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Lithuania to impound Russian cars entering country — Interior Ministry head

The Lithuanian customs office representative additionally explained that the legal status of vehicles registered in Russia had not been clarified until now

VILNIUS, September 12. /TASS/. Lithuanian customs authorities will impound any cars that try to enter the country with license plates registered in Russia in accordance with the EU Commission's latest interpretation of how sanctions apply to Russia, head of the Interior Ministry of the republic Agne Bilotaite said in an interview with the national radio LRT.

"Any person crossing the border, whether a Russian or EU citizen, having license plates registered in Russia, who does not have documents confirming that he or she is traveling in transit to Kaliningrad, should know that their car will be impounded," Bilotaite said.

Rolandas Jurgaitis, a Lithuanian customs office representative, explained that the legal status of vehicles registered in Russia had not been clarified until now. According to him, "the new clarification emphasizes that if [a car] is registered in Russia, with Russian license plates, it cannot be taken" into EU territory.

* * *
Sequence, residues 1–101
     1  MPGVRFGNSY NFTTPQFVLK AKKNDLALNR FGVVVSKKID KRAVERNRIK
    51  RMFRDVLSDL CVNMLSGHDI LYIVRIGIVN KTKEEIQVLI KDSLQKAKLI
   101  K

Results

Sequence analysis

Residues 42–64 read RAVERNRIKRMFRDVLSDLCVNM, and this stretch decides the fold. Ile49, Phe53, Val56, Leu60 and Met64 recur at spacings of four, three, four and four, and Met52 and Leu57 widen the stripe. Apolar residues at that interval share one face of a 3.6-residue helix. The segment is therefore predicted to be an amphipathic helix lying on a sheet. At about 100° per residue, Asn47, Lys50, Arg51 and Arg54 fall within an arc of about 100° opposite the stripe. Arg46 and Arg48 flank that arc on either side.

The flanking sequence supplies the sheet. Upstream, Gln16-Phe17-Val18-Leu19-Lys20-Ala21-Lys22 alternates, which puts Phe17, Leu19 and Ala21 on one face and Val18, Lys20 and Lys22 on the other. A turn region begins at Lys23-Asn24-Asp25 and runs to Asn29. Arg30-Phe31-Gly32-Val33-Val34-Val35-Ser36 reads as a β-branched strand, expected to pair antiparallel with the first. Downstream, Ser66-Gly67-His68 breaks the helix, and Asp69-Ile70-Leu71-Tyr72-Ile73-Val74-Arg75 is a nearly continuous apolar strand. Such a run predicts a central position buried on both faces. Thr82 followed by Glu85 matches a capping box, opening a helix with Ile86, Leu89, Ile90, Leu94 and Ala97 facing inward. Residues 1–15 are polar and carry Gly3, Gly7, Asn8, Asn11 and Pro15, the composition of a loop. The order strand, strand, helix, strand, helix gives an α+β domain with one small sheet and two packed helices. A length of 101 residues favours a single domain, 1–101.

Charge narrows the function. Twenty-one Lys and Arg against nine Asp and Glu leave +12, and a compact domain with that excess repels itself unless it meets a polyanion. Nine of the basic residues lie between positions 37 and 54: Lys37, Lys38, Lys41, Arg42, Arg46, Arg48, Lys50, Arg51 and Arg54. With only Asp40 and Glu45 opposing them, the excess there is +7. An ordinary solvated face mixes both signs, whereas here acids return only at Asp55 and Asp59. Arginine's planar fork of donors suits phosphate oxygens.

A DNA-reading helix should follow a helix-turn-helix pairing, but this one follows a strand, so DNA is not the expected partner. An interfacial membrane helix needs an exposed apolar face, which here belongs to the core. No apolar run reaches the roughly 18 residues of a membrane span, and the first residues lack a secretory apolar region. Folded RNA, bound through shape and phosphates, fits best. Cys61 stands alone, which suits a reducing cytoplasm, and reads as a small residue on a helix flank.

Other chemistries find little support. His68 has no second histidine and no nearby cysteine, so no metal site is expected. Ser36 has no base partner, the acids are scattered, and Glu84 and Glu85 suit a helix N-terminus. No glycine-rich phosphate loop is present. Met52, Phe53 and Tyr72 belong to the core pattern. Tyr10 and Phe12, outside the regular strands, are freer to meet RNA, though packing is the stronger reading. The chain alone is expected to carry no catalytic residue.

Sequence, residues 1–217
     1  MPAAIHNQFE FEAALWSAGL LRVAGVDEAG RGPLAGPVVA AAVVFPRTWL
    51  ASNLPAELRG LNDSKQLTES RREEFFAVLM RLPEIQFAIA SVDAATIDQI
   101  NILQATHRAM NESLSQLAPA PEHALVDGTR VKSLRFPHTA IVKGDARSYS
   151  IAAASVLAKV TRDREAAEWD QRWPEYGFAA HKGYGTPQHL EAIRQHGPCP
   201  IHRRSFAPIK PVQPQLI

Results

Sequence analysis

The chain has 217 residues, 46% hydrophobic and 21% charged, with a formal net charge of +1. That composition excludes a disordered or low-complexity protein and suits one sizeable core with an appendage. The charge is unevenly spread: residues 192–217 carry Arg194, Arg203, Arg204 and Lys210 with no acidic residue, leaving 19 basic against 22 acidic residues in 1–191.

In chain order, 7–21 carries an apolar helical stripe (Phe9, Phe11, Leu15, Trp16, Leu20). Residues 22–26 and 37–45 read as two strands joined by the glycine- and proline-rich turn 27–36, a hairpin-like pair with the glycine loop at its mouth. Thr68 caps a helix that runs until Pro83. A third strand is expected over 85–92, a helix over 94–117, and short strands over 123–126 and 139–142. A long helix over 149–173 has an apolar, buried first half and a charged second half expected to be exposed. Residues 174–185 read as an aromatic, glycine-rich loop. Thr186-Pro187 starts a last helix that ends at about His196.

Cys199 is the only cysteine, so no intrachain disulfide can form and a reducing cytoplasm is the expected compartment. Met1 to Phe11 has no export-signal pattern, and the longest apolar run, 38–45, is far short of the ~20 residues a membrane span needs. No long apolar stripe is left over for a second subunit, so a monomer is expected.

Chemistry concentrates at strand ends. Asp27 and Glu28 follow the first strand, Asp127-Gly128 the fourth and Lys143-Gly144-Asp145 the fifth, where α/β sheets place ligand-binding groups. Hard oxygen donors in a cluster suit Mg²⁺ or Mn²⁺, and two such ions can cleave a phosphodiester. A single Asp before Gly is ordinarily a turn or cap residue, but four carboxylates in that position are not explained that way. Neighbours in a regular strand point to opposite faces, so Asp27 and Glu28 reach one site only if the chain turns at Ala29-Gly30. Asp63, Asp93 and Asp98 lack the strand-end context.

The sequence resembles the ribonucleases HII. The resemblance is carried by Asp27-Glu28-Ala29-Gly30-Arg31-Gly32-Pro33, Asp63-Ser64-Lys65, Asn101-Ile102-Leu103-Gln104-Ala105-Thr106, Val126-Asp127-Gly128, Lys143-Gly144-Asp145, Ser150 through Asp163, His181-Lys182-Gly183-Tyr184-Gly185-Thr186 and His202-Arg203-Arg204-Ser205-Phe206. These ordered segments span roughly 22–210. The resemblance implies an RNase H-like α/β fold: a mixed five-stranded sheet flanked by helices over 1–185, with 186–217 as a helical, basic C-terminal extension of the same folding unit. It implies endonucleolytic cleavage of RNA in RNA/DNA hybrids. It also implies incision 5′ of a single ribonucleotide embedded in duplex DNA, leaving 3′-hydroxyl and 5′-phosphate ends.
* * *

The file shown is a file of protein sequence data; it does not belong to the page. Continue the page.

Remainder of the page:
Per the Lithuanian State Border Guard Service, about 58,000 cars with Russian license plates have entered Lithuanian territory over the past year and a half, the radio reported. The source notes that the ban on entry will not apply to cars with Belarusian registration plates.

The Finnish TV channel Yle informed earlier that the entry of cars with Russian registration into Finland is still allowed, they will not be subject to impounding in accordance with previous explanations from the European Commission.

The European Commission issued new clarifications regarding the application of sanctions against Russia on September 8. In accordance with them, a ban is imposed on imports from Russia to the EU of goods listed in Annex XXI to EU Directive No. 833/2014, regardless of the purpose of their use or period of stay in the EU, including "vehicles with a total number of seats less than 10." The EC emphasizes that "it does not matter whether the use of the vehicles is private or commercial." The list contains a wide range of all sorts of items, from cell phones and audio, video recording devices to suitcases, clothing items, toothpaste, shampoo and other hygiene products.